Preliminary report from utilities commission on Site C dam to be released
Bob Peever, of B.C. Hydro, gives a site tour of the Site C Dam location that runs along the Peace River in Fort St. John, B.C., Tuesday, April 18, 2017. (Jonathan Hayward / THE CANADIAN PRESS)
VANCOUVER - The British Columbia Utilities Commission is expected to release a preliminary report today on its review of the $8.8-billion Site C dam in the province's northeast.
BC Hydro says it has already spent $1.8 billion on construction for the hydroelectric dam planned for the Peace River, but Premier John Horgan's NDP government asked the commission to review the economic viability of the project after taking office.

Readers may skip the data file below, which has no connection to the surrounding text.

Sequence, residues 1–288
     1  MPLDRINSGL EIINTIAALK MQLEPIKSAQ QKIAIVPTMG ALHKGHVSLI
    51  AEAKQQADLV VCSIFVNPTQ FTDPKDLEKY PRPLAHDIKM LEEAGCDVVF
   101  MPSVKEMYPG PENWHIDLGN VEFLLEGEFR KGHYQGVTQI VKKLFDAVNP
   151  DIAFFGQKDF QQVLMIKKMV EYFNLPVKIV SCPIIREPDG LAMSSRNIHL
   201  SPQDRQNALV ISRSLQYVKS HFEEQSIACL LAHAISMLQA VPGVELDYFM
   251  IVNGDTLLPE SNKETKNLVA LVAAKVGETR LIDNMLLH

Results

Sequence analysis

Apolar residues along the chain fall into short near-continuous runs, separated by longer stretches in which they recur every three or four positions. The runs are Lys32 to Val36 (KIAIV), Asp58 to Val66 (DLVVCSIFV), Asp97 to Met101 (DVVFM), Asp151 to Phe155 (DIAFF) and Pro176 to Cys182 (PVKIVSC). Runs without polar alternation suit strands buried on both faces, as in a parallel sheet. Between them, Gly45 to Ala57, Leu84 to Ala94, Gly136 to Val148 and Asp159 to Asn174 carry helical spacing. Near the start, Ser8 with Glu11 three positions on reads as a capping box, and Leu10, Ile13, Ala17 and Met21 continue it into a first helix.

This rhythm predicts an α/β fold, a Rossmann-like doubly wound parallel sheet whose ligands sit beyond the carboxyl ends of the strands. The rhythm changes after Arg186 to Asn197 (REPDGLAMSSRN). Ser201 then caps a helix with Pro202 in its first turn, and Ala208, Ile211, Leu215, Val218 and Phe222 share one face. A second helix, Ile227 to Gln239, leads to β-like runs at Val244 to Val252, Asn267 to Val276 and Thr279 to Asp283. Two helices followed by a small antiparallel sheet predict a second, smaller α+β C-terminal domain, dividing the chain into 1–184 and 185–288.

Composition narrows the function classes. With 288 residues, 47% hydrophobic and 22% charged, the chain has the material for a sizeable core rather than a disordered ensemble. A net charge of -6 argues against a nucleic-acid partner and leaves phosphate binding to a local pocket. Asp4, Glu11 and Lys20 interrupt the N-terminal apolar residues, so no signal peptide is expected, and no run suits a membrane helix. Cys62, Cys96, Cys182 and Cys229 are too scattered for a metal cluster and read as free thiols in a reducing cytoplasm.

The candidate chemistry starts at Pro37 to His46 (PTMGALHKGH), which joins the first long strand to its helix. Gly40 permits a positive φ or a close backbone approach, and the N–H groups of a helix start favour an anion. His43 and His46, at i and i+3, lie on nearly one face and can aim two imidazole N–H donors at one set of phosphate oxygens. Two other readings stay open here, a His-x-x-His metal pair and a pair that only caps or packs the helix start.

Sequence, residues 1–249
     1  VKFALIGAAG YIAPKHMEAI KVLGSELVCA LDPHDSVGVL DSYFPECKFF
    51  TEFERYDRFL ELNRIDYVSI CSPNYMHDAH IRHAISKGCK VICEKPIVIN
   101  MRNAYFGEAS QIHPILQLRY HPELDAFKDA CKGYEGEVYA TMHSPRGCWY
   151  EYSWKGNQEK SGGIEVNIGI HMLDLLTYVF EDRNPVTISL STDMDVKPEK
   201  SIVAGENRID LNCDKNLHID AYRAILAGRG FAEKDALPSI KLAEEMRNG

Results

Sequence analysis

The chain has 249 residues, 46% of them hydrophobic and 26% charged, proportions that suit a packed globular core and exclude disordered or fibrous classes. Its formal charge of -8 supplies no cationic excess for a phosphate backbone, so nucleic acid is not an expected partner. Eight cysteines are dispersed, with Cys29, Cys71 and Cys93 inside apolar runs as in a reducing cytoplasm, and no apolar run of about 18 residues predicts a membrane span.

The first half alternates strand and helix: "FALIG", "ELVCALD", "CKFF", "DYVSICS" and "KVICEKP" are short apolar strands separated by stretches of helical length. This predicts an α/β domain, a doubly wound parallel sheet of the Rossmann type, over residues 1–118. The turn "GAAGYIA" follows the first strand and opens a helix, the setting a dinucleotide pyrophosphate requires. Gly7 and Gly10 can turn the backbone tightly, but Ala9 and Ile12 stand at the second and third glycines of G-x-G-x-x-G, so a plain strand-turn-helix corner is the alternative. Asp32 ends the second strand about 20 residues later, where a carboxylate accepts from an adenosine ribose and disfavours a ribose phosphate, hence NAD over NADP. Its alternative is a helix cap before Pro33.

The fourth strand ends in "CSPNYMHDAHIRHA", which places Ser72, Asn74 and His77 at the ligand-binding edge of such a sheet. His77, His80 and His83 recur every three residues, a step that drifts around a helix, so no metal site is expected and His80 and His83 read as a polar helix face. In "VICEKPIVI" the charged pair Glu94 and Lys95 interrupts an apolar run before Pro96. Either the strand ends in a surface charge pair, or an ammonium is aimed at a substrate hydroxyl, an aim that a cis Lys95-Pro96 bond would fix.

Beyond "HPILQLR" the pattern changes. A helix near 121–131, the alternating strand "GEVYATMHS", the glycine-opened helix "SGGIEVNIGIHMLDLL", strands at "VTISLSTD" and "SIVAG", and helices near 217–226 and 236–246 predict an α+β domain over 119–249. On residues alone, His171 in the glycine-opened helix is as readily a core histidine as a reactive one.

Hydro's 866-page submission to the commission says completing the dam as planned would still be best for ratepayers and terminating the project would cost $7.3 billion on a present-value basis.
The submission says demand for electricity is growing and without the dam, the province would hit an energy shortfall by 2031.
A report submitted for the commission's review by the auditing firm Deloitte LLP concluded that putting the project on hold until 2025 would cost about $1.4 billion, while cancelling it outright would cost $1.2 billion.
The Deloitte report says that the dam's construction faces major risks including contractor performance problems, unforeseen geotechnical conditions and cost issues related to major contracts that haven't been awarded yet.